Scientists Develop Better Technique to Study Bacterial Swimming

CHICAGO – Scientists have come up with a new way to watch bacteria as they swim, which is expected to eventually help trap Escherichia coli bacteria and modify the microbes’ environment without hindering the way they move.

The new approach uses optical traps, microfluidic chambers and fluorescence to get an improved picture of how E. coli get around.

Yann Chemla, a professor of Physics at the University of Illinois, says that the microfluidic chambers provide a controlled environment in which the bacteria swim, and allow them to introduce specific stimuli – such as chemical attractants – to see if the microbes change direction in response to that stimulus.

Chemla, who jointly led the study with physics professor Ido Golding, further says that optical traps use lasers to confine individual cells without impeding their rotation or the movement of their flagella.

The researcher calls the optical traps “bacterial treadmills”.

According to the researchers, movement of the bacterial cell alters the light from the laser, and, thereby, help track its behaviour.

Fluorescent markers enhance visualization of the bacteria and their flagella under a microscope, say the researchers.

While earlier studies have been unable to follow individual bacterial cells moving in three dimensions for more than about 30 seconds, the new approach allows the researchers to track a single bacterium as it swims for up to an hour, and that is why it may offer a new look at questions that so far have been unanswerable.

“For example, some people have asked whether E. coli has a nose. Does it have a front and back?” Nature magazine quoted Golding as saying.

He and his colleagues have observed that while the bacterium can travel in either direction, most E.coli have “a pronounced preference” for one over the other.

The researchers found that after most tumbles, a bacterium usually continued swimming in the same general direction, but that about one in six tumbles caused it to change direction completely.

They were also able to quantify other features of bacterial swimming, such as changes in velocity and the time spent running and tumbling.

They hope that their novel method will allow scientists to address many more questions about this model organism.

“That’s the typical way biology moves forward. You develop a new measurement capability and then you can use that to go back and look at fundamental questions that people had been looking at but had no way of answering,” Golding said.

A research article describing the new technique has been published in the journal Nature Methods.

 

Focus and Concentration

 BY: BARRY EISEN
Developmental Excelerations Inc.
11684 Ventura Blvd. #747
Studio City, Ca. 91604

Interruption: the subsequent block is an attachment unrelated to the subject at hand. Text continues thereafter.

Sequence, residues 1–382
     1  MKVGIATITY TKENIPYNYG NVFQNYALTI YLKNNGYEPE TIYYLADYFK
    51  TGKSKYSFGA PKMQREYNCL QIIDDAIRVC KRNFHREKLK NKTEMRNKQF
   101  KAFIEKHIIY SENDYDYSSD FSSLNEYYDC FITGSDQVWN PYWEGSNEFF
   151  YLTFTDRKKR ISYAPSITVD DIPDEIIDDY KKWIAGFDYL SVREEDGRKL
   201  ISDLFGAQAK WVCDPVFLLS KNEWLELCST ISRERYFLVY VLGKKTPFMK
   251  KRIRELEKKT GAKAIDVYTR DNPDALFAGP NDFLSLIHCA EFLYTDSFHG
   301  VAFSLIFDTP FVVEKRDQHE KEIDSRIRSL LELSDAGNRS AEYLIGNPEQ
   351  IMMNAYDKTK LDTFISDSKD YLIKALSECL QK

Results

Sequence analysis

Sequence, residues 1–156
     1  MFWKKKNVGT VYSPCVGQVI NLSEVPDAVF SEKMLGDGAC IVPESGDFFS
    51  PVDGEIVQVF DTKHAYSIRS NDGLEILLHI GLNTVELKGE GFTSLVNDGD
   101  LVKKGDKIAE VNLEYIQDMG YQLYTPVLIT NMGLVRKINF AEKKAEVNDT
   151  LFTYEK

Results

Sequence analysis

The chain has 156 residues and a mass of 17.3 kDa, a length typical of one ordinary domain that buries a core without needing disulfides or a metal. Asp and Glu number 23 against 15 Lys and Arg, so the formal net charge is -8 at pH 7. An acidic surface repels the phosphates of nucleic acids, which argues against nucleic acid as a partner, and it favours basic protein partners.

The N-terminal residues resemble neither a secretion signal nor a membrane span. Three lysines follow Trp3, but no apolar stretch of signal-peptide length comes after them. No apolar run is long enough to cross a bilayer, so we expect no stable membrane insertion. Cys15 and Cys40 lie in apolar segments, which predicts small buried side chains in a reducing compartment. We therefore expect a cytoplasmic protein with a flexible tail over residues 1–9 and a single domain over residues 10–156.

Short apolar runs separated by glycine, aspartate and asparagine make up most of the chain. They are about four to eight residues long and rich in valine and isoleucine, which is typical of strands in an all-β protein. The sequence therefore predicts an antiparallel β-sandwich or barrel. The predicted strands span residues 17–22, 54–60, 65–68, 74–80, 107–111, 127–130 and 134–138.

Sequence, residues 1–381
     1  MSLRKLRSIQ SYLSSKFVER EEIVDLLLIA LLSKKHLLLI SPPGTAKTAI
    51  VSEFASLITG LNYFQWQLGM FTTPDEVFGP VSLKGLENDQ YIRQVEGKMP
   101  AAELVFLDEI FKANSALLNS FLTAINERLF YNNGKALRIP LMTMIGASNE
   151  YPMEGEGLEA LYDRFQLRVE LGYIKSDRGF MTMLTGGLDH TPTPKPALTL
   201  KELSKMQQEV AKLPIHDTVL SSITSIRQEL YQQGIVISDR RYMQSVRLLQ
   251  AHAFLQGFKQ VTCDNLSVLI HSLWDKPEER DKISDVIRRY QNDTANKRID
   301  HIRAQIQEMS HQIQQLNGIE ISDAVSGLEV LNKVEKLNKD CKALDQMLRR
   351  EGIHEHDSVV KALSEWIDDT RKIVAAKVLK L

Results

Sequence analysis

818-769-4300
fax 818-980-8181

http://barryeisen.com

barryeisen@roadrunner.com

 

She seemed so in charge of her balanced life.  So I asked my student, this longtime, top producer, exactly how  she managed to juggle so much and so well.  Her response was the same I’ve heard repeatedly from achievers over the years, “I learned how to really concentrate.”  When the vision is clear, braking down specific goals or tasks becomes easier.  The ability to concentrate on single issues at a time becomes do-able and the success process becomes easier to control and duplicate.

 The basic theme you hear from pro athletes at the peak of their game is the same you hear from great parents, teachers, students, scientists, realtors, doctors, communicators etc.  They share a view that it is never the glitches, setbacks, disappointments that hold a person back, but rather the message the person assigns to those events or to any distractions.  Stuff happens.  How we choose to view and respond to these happenings determines whether we move away from or toward our personal power.

Many don’t feel they run their life.  They feel their life runs them.  They use others’ actions and opinions as well as their own experiences as excuses for what they choose to do.  It’s like using an out-of-town guest as an excuse to do no work, as if the guest is pointing a gun and saying, “Take care of me every moment or I’ll shoot.”  Or, we see external changes over which we have no control, like an interest rate change, and suddenly some find the way they sleep, communicate, project the future, view their colleagues or even their family, changes too.  We’ve all been cut off in traffic.  The driver who did the cutting, whether intentional or inadvertent, drives off focused on his destination.  But how often have we, the ones cut off, invited that long gone, other driver to live, rent-free in our head?   Learning to “let go”  is not a just some random concept.  Letting go is a way of coping with our distractions and disappointments in a healthy, productive way.